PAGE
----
Mother's Day is a holiday that recognizes motherhood in general and the positive contributions of mothers to society. In Canada, Mexico, and the United States, Mother's Day falls on the second Sunday of each May. Mother's Day, like Valentine's Day, St. Patrick's Day, Father's Day and Hallowe'en, are traditionally observed by Canadians.
Early "Mother's Day" was mostly marked by women's peace groups. A common early activity was the meeting of groups of mothers whose sons had fought or died on opposite sides of the American civil war. In New York City, Julia Ward Howe led a "Mother's Day" anti-war observance in 1872, which was accompanied by a Mother's Day proclamation. The observance continued in Boston for about ten years under Howe's personal sponsorship, then died out.
Several years later, a Mother's Day observance on May 13, 1877 was held in Albion, Michigan, over a dispute related to the temperance movement. The second Sunday of the month. According to local legend, Albion pioneer, Juliet Calhoun Blakeley, stepped up to complete the sermon of the Rev. Myron Daughterty, who was distraught because an anti-temperance group had forced his son and two other temperance advocates to spend the night in a saloon and become publicly drunk.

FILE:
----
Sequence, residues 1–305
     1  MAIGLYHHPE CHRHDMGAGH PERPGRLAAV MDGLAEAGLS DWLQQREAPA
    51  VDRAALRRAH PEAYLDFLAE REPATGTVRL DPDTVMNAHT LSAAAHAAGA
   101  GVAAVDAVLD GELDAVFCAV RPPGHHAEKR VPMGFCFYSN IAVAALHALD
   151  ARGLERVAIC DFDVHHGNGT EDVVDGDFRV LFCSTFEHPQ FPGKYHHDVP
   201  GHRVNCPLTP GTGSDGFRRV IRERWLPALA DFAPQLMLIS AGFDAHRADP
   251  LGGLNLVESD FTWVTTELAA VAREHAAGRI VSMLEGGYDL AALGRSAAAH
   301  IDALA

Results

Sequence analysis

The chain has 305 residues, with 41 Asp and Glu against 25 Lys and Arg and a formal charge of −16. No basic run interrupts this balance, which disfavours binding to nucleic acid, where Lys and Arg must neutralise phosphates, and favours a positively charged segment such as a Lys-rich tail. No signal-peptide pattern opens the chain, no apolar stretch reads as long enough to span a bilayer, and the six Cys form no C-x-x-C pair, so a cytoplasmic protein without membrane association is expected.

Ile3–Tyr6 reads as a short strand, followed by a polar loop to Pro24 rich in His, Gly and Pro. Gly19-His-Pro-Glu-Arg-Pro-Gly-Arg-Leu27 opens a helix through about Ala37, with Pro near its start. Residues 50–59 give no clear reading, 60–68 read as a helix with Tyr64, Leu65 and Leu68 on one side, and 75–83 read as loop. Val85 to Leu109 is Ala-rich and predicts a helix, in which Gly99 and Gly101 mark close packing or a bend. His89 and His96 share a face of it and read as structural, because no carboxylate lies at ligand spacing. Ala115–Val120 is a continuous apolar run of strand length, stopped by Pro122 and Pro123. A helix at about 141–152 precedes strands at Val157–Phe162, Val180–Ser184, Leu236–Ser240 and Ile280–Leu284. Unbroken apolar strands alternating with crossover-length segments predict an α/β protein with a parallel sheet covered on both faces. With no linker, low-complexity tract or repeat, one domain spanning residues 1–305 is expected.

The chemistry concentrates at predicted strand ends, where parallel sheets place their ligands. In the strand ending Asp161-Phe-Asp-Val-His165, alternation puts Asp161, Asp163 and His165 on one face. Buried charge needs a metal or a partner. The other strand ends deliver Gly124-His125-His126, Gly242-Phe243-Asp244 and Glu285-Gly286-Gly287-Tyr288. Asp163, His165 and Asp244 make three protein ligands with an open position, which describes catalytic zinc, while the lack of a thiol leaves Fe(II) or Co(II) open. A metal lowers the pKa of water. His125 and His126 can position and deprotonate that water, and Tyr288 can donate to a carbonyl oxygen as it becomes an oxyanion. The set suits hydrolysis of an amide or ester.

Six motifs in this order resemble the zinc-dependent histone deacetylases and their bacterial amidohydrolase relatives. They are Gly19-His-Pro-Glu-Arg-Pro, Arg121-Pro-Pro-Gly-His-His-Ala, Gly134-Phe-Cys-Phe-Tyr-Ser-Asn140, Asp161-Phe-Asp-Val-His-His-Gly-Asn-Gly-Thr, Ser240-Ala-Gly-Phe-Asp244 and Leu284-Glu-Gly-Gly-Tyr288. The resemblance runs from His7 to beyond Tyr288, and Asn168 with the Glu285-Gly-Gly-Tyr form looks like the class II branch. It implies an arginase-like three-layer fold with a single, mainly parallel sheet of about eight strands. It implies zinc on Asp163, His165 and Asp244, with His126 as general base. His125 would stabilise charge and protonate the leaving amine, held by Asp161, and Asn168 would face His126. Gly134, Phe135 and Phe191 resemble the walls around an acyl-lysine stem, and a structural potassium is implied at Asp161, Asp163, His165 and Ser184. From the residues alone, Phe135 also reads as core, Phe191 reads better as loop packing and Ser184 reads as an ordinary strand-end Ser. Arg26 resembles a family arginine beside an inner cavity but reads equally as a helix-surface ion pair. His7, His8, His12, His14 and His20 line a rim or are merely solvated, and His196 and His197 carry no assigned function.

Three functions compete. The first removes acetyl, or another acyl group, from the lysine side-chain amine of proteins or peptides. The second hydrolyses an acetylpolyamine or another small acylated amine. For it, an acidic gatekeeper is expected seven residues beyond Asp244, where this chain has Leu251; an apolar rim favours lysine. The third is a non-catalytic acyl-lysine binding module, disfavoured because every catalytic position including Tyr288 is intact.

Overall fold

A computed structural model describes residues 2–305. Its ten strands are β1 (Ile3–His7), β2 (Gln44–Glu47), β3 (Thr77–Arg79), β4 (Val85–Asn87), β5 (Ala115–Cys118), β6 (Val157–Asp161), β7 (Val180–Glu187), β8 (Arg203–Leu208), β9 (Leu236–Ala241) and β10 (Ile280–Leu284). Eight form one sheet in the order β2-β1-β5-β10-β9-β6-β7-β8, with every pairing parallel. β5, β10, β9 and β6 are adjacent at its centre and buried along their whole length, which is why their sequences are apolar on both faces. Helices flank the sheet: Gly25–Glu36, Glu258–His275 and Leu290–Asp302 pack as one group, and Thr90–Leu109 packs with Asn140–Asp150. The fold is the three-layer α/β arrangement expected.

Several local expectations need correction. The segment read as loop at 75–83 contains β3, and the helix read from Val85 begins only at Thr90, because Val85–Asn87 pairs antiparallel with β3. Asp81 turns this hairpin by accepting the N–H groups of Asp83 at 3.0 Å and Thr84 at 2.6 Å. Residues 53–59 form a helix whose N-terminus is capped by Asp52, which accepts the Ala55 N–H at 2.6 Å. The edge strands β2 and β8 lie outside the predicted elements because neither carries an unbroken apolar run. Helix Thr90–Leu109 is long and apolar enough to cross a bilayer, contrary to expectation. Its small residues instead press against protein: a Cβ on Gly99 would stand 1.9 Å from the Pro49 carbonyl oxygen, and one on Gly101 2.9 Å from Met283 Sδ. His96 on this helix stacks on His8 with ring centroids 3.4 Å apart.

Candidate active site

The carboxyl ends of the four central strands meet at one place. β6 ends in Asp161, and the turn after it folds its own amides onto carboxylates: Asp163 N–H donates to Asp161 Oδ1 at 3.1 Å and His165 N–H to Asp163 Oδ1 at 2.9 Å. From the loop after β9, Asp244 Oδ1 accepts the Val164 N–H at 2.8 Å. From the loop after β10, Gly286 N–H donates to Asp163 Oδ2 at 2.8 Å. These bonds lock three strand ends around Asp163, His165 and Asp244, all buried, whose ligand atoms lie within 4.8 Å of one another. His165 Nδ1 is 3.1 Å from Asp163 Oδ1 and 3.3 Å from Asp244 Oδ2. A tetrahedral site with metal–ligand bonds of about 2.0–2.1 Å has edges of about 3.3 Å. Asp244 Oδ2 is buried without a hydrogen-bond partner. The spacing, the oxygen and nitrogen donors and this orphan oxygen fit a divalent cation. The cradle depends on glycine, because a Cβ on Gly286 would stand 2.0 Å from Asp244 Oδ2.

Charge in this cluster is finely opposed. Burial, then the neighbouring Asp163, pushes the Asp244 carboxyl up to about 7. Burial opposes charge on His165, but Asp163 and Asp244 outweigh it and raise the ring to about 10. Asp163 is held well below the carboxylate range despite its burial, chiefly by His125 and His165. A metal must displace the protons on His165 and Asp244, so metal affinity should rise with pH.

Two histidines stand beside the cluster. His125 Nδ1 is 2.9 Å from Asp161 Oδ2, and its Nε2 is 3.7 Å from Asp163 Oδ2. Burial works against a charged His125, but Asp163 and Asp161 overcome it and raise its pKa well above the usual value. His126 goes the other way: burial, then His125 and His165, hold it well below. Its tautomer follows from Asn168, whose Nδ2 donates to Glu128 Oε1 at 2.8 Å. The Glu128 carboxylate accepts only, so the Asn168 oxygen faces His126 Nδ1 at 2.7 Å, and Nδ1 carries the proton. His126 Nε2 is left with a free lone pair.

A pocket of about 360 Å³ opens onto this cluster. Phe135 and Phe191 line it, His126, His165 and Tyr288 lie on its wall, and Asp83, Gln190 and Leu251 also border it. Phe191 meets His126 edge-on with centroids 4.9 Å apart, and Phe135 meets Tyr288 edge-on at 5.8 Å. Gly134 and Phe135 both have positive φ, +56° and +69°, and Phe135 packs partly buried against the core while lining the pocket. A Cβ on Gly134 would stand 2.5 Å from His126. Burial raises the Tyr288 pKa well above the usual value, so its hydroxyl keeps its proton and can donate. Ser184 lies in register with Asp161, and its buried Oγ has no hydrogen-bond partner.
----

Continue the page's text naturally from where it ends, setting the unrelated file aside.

In the pulpit, Blakeley called on other mothers to join her. Blakeley's two sons, both traveling salesmen, were so moved that they vowed to return each year to pay tribute to her and embarked on a campaign to urge their business contacts to do likewise. At their urging, in the early 1880s, the methodist Episcopal Church in Albion set aside the second Sunday in May to recognize the special contributions of mothers. Frank E. Hering, president of the fraternal order of Eagles, made the first known public plea for "a national day to honor our mothers" in 1904. In its present form, Mother's Day was established by Anna Marie Jarvis, following the death of her mother on May 9, 1905; she campaigned to establish Mother's Day as a U.S. national, and later an international, holiday.